My, how times have changed!

One of the blogs I enjoy reading at the LA Times is the “Daily Mirror” blog, which looks at news stories from the past, and includes various ads from the era. Today, one of the posts was about the death of ex-Mayor Frank Poole, but what interested me was the ad in the corner of the January 24, 1958 front page:

Now, think about the naivete of the times. You submit your social security numbers to the newspaper for a contest. Forty of them are published each day in the paper. If a newspaper did that today, imagine the uproar.

You realize that many young people today probably don’t remember when times were that simple, when we didn’t have to worry about identity theft. When faith was extended on a signature and a handshake, or an unverified letter of reference, as opposed to background checks and googling? My, how times have changed!


Nostalgic TV: The Z Channel

Last night, I watched an interesting film on IFC called The Z Channel: A Magnificent Obsession. This film focused on the Z Channel and its programmer, Jerry Harvey.

What was the Z Channel, you ask? Back in the early days of cable television in Los Angeles, there was this cable system in Santa Monica called Theta Cable. I was familiar with them because, at the time, we lived up Kenter Canyon in Brentwood, and TV reception was crap. It was cable or nothing. Theta provided their customers with a wired cable box that had a slider switch for channels from A to Z. To put this in context: there were no cable-ready TVs; no VCRs; no national cable networks. Theta, given its audience of movie-industry people, started a premium channel called The Z Channel. This channel showed recently released movies, about four per week, uncut. To those raised with HBO or Sho, this may sound like nothing; but back then, the only way to see movies was either in the theatre, or via encrypted over-the-air services such as On-TV (Ch 52) or SelectTV (Ch 22), which had image quality problems.

What made the Z channel special was its programming mix. Very eclectic: major movies and little known films (I particulary remember watching The Crazy World of Julius Vrooder on the channel; I’ve never seen it again). I was in my early teens at the time the Z channel started: this way my only way to see some of this stuff.

Time passed. Theta was sold to Group W, and is now part of the Adelphia holding. The Z Channel died in competition with the national satellite providers. Yet I still have fond memories of those days. This movie brought them back.


Memorabilia and Debris

I’m sitting here in my dad’s office, looking around at all the binders, and thinking about all the stuff I’ve run into. For example, I’ve found a ledger detailing his daily living expenses between 1953 and 1960. Some examples:

Mar 18 1953: 1 pr White Sneakers (Sears Roebuck): $3.74
July 10 1953: 1 pr Black Pedal Pushers: $2.98
Apr 30 1957: 1 Cashmere Sweater: $16.59
Nov 11 1955:  1 21″ TV Set: $159.95

I’ve found family holiday letters dating back to 1980. I’ve found the correspondence between my father and his 1st wives’ friends relating to her hospitalization and their divorce. Of course, I’ve got tax files for his accounting firm dating back to the mid-1980s. I’ve got loads of Navy pictures and recollections, and of course, loads and loads of Al Jolson memorabilia. I’ve written before about the mini-Office Depot. Looking in the supply closet, I can see 17 staplers, 12 calculators, 15 hole-punches of various types, boxes and boxes of staples and ACCO fasteners, multiple Dymo/Rotex labellers, numerous transistor radios, and so on.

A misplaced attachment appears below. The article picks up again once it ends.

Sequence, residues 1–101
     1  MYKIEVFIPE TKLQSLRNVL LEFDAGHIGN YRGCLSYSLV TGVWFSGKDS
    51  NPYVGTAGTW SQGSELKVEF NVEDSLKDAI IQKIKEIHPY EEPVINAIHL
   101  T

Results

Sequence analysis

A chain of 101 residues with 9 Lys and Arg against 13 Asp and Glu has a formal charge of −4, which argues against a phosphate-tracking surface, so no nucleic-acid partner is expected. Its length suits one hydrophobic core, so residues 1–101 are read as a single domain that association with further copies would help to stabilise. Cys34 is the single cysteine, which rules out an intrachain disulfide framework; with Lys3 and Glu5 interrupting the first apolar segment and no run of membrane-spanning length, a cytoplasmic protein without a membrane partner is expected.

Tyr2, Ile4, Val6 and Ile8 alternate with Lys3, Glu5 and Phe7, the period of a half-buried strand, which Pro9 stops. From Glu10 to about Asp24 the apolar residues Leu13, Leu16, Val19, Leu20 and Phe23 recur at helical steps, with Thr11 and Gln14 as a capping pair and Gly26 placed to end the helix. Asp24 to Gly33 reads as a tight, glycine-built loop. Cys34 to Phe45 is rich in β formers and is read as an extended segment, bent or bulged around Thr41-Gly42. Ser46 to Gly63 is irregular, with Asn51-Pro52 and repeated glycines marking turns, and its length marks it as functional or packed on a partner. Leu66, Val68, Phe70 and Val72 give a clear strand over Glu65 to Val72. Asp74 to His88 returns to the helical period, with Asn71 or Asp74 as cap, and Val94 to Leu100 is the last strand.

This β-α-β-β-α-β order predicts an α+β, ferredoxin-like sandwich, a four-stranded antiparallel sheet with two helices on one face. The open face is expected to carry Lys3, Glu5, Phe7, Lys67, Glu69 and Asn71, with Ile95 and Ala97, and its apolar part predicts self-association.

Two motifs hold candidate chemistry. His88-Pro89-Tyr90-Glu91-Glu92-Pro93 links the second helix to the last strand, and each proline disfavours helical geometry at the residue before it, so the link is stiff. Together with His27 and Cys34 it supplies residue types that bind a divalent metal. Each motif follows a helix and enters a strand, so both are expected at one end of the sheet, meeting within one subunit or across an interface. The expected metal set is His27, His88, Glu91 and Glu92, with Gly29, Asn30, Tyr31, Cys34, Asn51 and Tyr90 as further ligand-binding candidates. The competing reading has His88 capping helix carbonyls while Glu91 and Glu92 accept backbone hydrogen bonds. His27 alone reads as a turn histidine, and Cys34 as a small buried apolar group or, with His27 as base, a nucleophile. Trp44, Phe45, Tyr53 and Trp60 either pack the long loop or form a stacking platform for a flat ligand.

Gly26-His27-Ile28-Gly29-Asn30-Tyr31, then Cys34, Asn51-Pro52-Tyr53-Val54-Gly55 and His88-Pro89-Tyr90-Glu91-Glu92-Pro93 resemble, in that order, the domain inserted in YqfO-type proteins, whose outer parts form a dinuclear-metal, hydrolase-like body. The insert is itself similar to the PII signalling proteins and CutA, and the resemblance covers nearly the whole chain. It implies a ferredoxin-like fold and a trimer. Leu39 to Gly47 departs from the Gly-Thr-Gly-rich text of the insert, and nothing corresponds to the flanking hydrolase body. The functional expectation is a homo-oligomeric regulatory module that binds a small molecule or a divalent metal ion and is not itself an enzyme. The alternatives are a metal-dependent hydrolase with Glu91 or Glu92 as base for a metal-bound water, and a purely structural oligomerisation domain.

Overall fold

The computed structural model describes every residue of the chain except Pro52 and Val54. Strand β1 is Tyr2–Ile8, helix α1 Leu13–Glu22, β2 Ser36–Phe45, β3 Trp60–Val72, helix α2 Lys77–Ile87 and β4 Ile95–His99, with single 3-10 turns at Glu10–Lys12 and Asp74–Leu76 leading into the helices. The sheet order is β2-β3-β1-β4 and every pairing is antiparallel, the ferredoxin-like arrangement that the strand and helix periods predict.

I’ve been able to see the evolution of the man, from his younger self to the man I got to know as I was an adult (for we really don’t get to know our parents as people when we are children). I’ve seen the evidence of the times he was scared, when he had to look for work, of the trials in his life.  I’m glad that I got to know him, but now that I’ve learned his past, I wish he was here so we could talk about it.

This is something I never got to see with my mother. Because of her nature, we weren’t talking much at the time she died, and so my dad did most of the cleanup of her stuff. Thus, I never really got to know the person: I rejected knowing her when I was an adult because of our personality clashes; I didn’t know her as a child. I don’t really know her story: her trials, her successes. She really didn’t keep memoriabilia, or at least not that I know of.

My question is this: Why do we keep this stuff? What does this memorabilia (and the stuff we keep) say about us and our lives? Do we keep the stuff from the good times, the times we want to relive? I’ve found very little from the late 1960s and early 1970s, which is when my brother was older and up to his death. Was that a time my dad was trying to forget? Are all the office supplies an expression of growing up during the depression?

What does what we have at home say about our lives? When my daughter, in 50 years, has to do a dig through my stuff, what will she think? I know I have very little from my college days, although I do have stuff from the UCLA Computer Club. I have lots of stuff from camp, but practically nothing from High School. I have photos and stuff from the early days of my marriage, but little career correspondence.

We seem to carry with us a lot of debris. I’ve begun to learn that the debris only serves to slow us down. It can make it harder to move on in ones life (I think one of the reasons I don’t want to change houses is that this would mean I’d have to pack up stuff). Yet, when we throw it away, do we make it harder for our children to learn about us as people?

So: What debris and memorabilia do you have? What story would it tell? Do you find yourself consciously keeping less debris from the bad times, from your missspent youth?